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At Least 21 Killed In Pakistani University Attack; Taliban Claims Responsibility

By Zulfiqar Ali and Shashank Bengali, Los Angeles Times (TNS)

PESHAWAR, Pakistan — Gunmen broke into a university campus in northwestern Pakistan on Wednesday morning, fatally shooting students in their dorm rooms in an assault that left at least 21 people dead, police and hospital officials said.

A commander of the Pakistani Taliban, which has frequently attacked educational institutions in a long insurgency against the government, claimed responsibility for the attack.

A Pakistani army spokesman said four militants were shot and killed by army soldiers at Bacha Khan University in Charsadda, east of the city of Peshawar.

It was one of the most brazen attacks claimed by the Pakistani Taliban, and came barely one year after the militant group raided an army-run public school in Peshawar, massacring more than 150 people, most of them children.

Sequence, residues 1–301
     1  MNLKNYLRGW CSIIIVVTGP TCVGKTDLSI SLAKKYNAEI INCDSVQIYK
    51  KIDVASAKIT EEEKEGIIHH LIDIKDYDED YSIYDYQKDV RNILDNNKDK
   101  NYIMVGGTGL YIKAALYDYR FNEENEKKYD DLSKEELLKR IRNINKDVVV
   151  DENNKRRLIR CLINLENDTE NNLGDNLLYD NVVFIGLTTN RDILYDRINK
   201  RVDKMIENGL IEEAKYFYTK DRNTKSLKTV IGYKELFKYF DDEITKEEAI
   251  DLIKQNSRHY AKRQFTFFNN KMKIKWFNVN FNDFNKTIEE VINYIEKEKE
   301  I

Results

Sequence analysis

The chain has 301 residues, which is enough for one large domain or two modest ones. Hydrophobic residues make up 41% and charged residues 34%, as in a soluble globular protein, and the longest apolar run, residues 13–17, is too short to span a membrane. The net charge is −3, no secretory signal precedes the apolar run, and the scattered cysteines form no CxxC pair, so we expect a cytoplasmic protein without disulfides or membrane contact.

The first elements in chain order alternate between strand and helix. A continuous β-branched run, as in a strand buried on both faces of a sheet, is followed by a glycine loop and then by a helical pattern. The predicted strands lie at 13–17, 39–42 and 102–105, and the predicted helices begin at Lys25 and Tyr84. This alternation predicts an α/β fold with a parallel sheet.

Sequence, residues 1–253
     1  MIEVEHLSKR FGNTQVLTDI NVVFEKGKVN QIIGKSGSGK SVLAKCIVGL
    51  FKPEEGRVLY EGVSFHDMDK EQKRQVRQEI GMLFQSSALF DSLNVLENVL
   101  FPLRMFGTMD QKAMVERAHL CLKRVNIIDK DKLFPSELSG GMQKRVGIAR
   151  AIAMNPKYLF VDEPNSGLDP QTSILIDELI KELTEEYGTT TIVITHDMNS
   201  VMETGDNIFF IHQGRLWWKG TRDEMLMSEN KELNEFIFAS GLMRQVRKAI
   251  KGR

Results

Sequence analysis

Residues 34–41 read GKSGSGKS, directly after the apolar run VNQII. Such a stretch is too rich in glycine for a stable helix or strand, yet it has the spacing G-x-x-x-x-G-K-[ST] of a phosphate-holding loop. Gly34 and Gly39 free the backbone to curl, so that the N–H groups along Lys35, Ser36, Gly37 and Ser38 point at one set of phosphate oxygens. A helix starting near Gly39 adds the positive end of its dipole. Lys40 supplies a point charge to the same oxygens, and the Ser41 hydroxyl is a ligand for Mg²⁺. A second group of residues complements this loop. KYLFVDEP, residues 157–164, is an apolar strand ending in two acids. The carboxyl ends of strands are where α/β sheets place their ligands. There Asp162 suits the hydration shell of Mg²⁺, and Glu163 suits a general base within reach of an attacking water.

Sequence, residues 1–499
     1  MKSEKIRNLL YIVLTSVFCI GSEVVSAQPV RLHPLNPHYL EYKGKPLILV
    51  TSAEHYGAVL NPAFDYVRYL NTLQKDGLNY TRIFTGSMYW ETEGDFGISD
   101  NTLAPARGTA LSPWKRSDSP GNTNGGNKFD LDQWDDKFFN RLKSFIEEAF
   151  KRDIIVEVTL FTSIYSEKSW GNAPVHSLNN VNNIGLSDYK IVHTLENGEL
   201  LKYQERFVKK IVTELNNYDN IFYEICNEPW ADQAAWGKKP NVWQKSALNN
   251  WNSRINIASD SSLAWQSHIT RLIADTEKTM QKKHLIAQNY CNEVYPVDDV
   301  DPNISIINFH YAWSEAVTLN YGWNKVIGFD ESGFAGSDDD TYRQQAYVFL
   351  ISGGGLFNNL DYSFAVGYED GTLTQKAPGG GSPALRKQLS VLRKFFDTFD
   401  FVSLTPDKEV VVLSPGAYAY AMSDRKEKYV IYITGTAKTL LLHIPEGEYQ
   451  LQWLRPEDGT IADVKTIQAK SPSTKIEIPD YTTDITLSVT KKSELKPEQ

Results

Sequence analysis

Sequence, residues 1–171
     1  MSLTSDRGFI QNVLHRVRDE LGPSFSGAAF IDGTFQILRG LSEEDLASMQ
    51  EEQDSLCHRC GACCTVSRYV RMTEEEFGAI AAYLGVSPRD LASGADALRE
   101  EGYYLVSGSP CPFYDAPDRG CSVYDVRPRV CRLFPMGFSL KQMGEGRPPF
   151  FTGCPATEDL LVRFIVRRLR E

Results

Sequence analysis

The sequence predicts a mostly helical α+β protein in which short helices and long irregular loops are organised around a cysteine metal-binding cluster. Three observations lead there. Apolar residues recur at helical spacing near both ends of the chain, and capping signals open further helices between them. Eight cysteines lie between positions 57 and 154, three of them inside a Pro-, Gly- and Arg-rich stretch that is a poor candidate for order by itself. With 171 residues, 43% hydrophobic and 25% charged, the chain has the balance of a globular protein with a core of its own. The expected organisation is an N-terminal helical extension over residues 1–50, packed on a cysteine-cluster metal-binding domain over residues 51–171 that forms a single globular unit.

Officials and witnesses said the assailants took advantage of a thick wintry fog that had blanketed the campus, impairing visibility.

They scaled a wall at the rear entrance to the campus around 9 a.m. after cutting a coil of barbed wire, and rushed toward a nearby dormitory for male students, lobbing hand grenades into the rooms, authorities said.

Shahzad Khan, a security guard, said he opened fire at the assailants but ran out of ammunition.

Witnesses said one professor and at least two female students were among the dead, along with campus security guards.

Abdul Majeed, a photojournalist who visited the scene, said the bodies of students lay in the dorm rooms. The four attackers were shot and killed inside the dormitory, he said.